THe London summer Olympics will cast a long shadow over this week's cycling world championships in Australia.
They are a final opportunity for riders to qualify for the Games but all the riders will have planned their training schedules so they will peak for July, and many will under-perform, at least comparatively, Down Under.
"I'm not sure how much of a marker the world championships will be," says Craig MacLean, the Commonwealth gold medallist and twice silver medallist in the team sprint at the world championships.
"There's still a long way to the Games, people are aiming to peak in London. So it could be that they are going into the worlds having done a mini-taper, and we might not see the best of them.
"There are very few people who have won the worlds and then gone on to win the Olympics, but you'd rather be closer to the podium than further away from it.
"While it will be good for morale to do well, that can be a double-edged sword, because there might then be a tendency to become a little bit complacent."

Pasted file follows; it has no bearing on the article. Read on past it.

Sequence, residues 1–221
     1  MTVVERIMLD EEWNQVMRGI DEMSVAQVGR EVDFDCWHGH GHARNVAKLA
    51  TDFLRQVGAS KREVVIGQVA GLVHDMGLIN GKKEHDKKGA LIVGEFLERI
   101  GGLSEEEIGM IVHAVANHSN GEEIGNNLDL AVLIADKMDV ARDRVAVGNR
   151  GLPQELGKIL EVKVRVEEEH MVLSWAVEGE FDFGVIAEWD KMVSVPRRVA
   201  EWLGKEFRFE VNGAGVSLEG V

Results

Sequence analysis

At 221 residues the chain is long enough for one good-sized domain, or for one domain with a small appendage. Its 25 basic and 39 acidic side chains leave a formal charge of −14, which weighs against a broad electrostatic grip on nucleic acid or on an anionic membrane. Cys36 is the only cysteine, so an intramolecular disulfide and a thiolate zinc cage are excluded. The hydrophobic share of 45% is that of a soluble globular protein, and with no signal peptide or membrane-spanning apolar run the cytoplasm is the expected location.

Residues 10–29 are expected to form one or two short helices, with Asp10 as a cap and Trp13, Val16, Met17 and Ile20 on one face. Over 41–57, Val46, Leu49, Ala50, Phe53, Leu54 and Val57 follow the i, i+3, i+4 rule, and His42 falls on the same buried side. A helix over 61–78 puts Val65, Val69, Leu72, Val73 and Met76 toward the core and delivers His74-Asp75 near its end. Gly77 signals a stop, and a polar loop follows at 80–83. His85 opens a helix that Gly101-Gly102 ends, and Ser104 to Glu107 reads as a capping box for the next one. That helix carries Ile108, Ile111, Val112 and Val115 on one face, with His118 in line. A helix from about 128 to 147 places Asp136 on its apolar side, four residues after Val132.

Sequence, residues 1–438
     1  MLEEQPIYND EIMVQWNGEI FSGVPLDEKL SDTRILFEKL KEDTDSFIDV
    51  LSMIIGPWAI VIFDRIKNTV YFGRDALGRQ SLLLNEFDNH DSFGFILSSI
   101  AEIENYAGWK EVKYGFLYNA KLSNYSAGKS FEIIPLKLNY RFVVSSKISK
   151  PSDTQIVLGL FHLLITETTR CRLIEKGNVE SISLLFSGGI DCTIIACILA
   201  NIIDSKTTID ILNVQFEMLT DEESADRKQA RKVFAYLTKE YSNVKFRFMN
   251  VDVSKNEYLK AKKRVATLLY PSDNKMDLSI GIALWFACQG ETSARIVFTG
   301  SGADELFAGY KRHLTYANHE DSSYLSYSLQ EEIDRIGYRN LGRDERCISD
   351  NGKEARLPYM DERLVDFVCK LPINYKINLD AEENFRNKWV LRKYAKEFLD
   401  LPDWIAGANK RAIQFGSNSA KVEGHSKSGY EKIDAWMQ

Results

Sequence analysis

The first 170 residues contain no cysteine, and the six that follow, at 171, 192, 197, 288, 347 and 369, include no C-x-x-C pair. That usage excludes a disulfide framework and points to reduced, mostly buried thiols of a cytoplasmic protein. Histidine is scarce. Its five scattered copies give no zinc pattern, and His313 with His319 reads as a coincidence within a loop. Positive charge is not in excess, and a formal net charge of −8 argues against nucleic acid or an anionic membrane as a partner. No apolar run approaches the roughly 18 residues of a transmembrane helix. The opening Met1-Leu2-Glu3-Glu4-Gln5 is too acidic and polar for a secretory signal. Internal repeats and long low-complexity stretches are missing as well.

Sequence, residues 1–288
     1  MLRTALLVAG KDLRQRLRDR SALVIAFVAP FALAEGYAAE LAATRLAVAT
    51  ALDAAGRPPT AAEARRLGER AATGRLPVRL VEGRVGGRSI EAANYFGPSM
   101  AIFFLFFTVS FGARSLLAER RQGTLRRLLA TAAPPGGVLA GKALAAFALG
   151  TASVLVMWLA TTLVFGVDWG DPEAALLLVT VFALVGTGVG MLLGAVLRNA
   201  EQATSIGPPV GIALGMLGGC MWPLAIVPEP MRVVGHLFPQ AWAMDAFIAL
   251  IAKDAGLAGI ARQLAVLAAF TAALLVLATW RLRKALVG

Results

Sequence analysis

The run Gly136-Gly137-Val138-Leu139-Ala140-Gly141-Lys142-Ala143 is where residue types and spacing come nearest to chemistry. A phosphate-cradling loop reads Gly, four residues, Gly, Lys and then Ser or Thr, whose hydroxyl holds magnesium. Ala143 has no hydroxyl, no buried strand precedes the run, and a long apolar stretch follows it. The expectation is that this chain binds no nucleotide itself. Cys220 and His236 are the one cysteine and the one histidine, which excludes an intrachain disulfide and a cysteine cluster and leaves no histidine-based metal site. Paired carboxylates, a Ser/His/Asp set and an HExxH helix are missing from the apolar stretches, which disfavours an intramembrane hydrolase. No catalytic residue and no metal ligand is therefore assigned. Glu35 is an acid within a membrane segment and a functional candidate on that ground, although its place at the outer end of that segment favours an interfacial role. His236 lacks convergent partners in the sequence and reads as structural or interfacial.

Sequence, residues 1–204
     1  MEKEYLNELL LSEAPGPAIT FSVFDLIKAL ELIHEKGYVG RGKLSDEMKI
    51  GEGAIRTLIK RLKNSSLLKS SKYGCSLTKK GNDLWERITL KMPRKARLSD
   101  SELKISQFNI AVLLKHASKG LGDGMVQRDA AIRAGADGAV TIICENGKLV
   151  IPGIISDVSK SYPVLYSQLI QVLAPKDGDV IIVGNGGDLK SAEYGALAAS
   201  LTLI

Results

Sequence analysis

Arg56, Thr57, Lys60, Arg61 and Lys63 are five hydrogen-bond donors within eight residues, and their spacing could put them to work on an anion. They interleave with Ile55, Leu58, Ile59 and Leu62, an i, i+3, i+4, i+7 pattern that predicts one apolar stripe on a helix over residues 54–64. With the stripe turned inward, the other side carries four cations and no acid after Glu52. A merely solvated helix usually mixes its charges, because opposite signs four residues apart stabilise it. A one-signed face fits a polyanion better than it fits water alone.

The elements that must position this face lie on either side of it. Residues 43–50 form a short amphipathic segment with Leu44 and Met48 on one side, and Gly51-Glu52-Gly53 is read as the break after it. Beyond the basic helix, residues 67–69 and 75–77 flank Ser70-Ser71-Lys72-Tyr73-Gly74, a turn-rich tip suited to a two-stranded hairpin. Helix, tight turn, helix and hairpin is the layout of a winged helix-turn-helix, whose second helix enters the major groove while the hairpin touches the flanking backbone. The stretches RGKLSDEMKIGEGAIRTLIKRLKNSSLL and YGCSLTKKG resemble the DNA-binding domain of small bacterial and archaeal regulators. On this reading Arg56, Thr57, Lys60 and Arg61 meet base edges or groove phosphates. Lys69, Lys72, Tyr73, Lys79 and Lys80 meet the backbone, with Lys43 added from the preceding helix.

Having watched the British team perform well at the London World Cup event last month, MacLean believes the riders are capable of building on the success of the Beijing Olympics, where they won 14 medals – eight gold, four silver and two bronze.
MacLean won silver alongside Sir Chris Hoy in the team sprint at the 2000 Olympics in Sydney and he identifies his former partner, who is competing in Australia, as a natural leader.
Hoy's experience and ability to perform at the critical moment will be vital for the British team.
MacLean says: "He's the best athlete I've ever seen. If he's performing well, a lot of his team-mates will take confidence from that."
"It's going to be very difficult to reproduce the haul from Beijing, just because they took so many unexpectedly.
"But I don't think guys like Chris will feel the pressure, they'll use the crowd to their advantage."